IBS affects between 25 and 45 million people in the United States. About 2 in 3 people with IBS are female, and about 1 in 3 are male. IBS even affects children.
Scientists and medical professionals don’t exactly know what causes IBS, but it’s a common disorder that affects the large intestine and shows up as cramping, abdominal pain, bloating, gas, and diarrhea or constipation, or both. IBS is a chronic condition that needs to be managed long term.
Some people can control their symptoms by managing diet, lifestyle and stress – which is what we’d like to address in our April newsletter. Whether you have IBS or occasional gut issues, it’s always helpful to learn new ways to support your gastrointestinal health.
The 4 Golden Rules for Supporting Gut HealthHippocrates, the father of modern medicine, once said, “All disease begins in the gut.” The modern equivalent is the saying “You are what you eat.”
More recently, scientists discovered that the gut is the seat of the immune system, and home to trillions of microbes, which they’ve named the microbiome. The microbiome communicates with every cell in the body — including the brain — helps protect you from infection, helps the body make vitamins, and manages your metabolism.1 So when dysbiosis – an imbalance in the types of organisms in the microbiome – takes over, it’s easy to understand why your overall health can also get out of balance.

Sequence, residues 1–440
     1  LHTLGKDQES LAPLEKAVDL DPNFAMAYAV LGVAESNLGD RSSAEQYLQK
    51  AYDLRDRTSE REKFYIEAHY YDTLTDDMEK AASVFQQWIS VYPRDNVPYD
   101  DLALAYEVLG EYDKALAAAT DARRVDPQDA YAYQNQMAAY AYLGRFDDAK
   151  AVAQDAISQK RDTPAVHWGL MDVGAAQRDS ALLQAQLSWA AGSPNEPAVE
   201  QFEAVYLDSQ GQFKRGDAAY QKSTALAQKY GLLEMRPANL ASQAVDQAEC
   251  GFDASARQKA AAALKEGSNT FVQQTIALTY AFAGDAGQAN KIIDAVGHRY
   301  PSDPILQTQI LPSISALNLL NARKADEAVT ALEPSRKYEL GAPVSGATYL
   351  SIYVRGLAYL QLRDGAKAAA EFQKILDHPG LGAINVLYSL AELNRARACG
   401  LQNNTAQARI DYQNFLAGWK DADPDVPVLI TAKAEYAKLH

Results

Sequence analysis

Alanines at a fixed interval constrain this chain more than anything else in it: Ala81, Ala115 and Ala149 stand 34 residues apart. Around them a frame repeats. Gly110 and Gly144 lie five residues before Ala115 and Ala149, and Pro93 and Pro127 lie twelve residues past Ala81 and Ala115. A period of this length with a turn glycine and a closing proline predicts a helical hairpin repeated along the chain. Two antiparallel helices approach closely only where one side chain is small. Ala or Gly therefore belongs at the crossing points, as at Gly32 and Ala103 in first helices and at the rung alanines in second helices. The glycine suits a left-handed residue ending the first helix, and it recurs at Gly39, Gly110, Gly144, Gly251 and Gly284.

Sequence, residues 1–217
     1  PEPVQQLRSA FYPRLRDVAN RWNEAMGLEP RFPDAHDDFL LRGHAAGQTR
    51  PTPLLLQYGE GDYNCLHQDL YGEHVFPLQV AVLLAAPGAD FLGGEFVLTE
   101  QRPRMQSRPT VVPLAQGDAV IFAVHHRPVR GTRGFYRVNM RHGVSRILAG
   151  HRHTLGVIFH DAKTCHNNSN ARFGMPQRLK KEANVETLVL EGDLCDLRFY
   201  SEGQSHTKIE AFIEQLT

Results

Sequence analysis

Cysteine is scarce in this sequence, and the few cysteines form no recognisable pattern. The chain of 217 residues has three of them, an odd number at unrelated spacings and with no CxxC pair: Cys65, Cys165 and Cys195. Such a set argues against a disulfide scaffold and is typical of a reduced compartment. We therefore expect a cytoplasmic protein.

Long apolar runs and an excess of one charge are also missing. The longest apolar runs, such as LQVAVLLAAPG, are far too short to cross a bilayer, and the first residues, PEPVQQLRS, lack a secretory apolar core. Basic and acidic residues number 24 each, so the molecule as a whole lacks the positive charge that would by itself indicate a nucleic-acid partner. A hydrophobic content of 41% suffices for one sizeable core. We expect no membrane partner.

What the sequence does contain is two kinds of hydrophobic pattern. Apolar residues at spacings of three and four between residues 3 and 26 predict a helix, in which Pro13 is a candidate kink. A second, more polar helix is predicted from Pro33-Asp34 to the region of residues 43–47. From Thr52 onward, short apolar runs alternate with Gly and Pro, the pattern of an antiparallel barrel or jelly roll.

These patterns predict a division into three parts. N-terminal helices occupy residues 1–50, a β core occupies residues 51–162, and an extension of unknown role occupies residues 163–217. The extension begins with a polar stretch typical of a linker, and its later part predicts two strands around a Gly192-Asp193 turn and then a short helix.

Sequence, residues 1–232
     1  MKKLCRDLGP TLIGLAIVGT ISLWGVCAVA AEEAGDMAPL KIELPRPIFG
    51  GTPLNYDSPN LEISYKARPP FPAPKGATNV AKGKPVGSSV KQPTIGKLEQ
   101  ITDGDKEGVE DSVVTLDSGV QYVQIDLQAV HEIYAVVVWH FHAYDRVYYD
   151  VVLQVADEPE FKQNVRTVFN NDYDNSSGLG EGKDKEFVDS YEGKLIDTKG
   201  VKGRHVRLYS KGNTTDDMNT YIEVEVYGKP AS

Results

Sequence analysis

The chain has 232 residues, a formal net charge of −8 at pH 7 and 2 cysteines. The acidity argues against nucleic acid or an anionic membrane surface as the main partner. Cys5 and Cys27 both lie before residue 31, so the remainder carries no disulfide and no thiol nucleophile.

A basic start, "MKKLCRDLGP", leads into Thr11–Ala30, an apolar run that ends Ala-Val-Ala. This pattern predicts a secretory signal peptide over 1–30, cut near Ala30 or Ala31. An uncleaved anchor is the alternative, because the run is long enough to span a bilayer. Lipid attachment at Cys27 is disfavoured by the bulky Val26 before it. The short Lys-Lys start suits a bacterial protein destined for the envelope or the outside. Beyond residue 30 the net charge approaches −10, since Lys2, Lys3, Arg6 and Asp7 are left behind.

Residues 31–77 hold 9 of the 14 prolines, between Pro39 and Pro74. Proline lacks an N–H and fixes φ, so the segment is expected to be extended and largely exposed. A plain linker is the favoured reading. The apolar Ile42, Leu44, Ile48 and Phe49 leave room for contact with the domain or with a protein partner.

Dysbiosis is complex. It is characterized by an overgrowth of “bad” bacteria in the small intestine which can occur from a diet rich in fat, meat and lack of fiber.2 It can also result from sensitivity to gluten. But the main issue is that dysbiosis increases the risk of pathogen microbes out-numbering the good bacteria in your gut.
How to fix an imbalanced microbiome
1. Take A ProbioticThere’s tons of evidence supporting the ingestion of probiotics to support gut health.3 In fact, scientists have been studying how modifying the gut microbiome affects health since 1907.4 And they have found that eating fermented products, or taking probiotic supplements, is associated with longevity and good health.5 In recent years, researchers discovered that IBS patients may have an altered microbiota when compared with healthy individuals5, and that probiotics are definitely effective in improving gut health.
Probiotics are live organisms, typically the strains of bacteria that contribute to the population of healthy microbes in your gut. Yogurt is the most popular probiotic food. It is made by fermenting milk with various bacteria that remain in the final product. These bacteria-fermented foods are also good probiotics: kefir, sauerkraut, fermented pickles, kombucha, miso, and kimchi.
If you don’t like fermented foods, try drizzling apple cider vinegar – a probiotic – on your salad. Blend together 1/3 cup olive oil, ¼ cup cider vinegar, 2 teaspoons of Dijon mustard, 2 teaspoons honey, ½ teaspoon salt, and ¼ teaspoon black pepper. This will keep in the refrigerator for up to a week.
2. Eat Prebiotic Foods
Prebiotics are carbohydrate foods that are high in inulin6 and/or beta glucan7, which are soluble fibers that feed the growth of friendly bacteria in your digestive system. Although you can’t digest these fibers, the probiotics in your gut feast on them. Prebiotic foods include chicory root (used as a coffee substitute), flax seeds, chia seeds, legumes, oats, asparagus, yams, artichokes, garlic, bananas, jicama root, and onions.
You can also find prebiotics in dietary supplement, but it’s best to eat the whole foods that contain fiber, vitamins and minerals. Not all of these foods are for everyone, however. People who have IBS may experience bloating, gas, or other intestinal discomfort.